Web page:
Playing Mediterranean music on a classical guitar

Recently I discovered the following masterpiece.

After I listened to it many times and Al’s entire discography, I decided to start learning that kind of repertoire, playing with a pick of course. Coincidentally, a friend of mine gifted me his old Yamaha C40 (entry level classical guitar), which by the way is a lot of guitar for 150 US dollars.

The burning question now… How do I approach this? I’m studying electric guitar since I started playing and this whole thing might be different. Do you have any songs to suggest, ideally with tabs because I can’t read formal notation yet.

Technique wise, I have a kinda similar form to Al Di Meola, especially when trying to play fast, so I think I’ll maintain that kind of technique until I get stuck somewhere.

Any suggestions about songs, exercises, CTC material and technique would be really appreciated!

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If you don’t need to play classical guitar pieces on that guitar, I would recommend that you take it to a luthier, and have him sand down the saddle, so that the strings are low, like on a flamenco guitar. That will be very useful in trying to play those fast riffs.

Besides from that, you can try and play youtube videos in slow tempo to figure out how and which notes they play.

You mention Al di Meola, I would say practice what Troy calls “the pepsi lick”, which Al uses a lot. Also

this lick

is something that he plays often.

2 way pick slanting could be a good idea to practice if going the Al route.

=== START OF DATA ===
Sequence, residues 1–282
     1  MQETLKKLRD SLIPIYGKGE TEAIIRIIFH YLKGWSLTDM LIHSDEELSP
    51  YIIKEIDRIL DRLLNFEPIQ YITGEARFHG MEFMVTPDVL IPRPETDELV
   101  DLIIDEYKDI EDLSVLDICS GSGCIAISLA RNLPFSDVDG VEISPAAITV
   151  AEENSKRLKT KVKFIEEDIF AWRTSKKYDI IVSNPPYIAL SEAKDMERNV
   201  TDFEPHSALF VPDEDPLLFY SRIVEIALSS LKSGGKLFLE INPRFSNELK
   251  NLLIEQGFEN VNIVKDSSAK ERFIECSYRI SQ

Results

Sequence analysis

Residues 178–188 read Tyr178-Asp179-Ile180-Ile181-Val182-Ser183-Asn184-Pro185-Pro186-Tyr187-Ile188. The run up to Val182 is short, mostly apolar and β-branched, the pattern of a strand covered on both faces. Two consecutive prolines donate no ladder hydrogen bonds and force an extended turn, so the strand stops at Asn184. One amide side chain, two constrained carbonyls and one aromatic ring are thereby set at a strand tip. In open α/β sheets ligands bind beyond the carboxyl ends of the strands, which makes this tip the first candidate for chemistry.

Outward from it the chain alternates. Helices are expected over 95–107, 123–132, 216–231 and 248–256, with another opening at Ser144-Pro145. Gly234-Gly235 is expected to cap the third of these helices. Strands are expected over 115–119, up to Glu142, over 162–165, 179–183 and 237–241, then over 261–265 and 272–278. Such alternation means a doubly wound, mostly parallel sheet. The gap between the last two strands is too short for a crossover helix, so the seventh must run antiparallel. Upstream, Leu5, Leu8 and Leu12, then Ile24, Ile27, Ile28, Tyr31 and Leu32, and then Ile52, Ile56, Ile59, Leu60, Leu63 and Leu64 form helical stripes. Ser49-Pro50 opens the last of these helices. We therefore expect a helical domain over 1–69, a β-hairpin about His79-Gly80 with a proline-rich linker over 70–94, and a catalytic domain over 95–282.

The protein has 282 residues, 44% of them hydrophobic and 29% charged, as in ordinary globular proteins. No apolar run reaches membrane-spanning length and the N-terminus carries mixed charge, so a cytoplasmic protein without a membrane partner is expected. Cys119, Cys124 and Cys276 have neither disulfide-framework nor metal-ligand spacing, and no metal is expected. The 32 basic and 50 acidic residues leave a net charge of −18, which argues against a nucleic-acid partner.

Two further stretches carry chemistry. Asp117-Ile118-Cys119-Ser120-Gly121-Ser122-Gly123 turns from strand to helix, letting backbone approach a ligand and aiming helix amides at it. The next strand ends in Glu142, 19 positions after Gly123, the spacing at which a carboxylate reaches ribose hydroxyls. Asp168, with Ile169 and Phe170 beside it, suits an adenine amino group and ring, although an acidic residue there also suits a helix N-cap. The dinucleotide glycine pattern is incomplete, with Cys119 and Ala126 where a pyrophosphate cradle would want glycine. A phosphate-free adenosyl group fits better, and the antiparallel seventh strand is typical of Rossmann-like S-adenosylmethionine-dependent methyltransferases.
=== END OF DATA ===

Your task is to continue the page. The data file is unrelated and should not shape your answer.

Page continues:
I think you’d also get a lot of mileage out of the Strunz & Farah material that CTC has done. I really enjoyed that interview and the adjoining lessons.


I believe this one is swiped 99% of the time in Al’s playing (similar to what Gilbert does). You can hear the occasional open B string in the live version of Mediterranean Sundance, for example (when muting is not perfect on the upstroke swipe).

This is not to say Al (or Paul) is not great (^_^), but it’s just for us to have reasonable expectations!


Tommo, great observation! When I read your post, I thought about some of those clips that Troy talks about, “a special summernight”, and I can definitely hear that B string
The clip below should start right around some B string action. I have to take a closer look now :nerd_face:

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Thank you for the replies guys! I recently started trying to play 2Way slanted phrases and I’m not familiar at all with swiping, so there is a lot of work to be done. The similarities with me and Al end at that both of us use a lot of elbow in fast lines.

@Danish I will definitely consider that mod on the guitar, it doesn’t hold any value on the used market anyway. The lick you mentioned is one of those that I’ve been practicing for at least a year, only recently it started feeling a bit smoother.

I have an Alhambra with a cutaway, that just got that setup done. The thing with the classical fingerstyle is, that nylon strings move in a very large arch and classical guitarist need a pure tone, so the action is high. In flamenco, more buzz is accepted and it is part of the style. For pick style, you can get away with a low action and a pretty clean tone, however if I really strike the string hard, the string buzz. Most of the time I don’t play with that much force. Low action does sound a bit different than high action, a bit “snappier”, more percussive attack to the sound.

If you want to have a way back, you could keep the original guitar saddle and have a new, low flamenco one done by the luthier. That way, you can go back to the original string height, if so desired.

Just a shoutout for Larry Coryell, who also has many interesting licks to steal! Originally, he was part of the trio, but was later replaced by Al. I haven’t tried playing Paco riffs yet, but maybe it is possible with a pick? I honestly don’t know! Time go 50% on youtube :slight_smile:


For anyone interested, I started learning the following song, it’s called “Morning of the Carnival”. Can’t help it, I love Al! :smiley: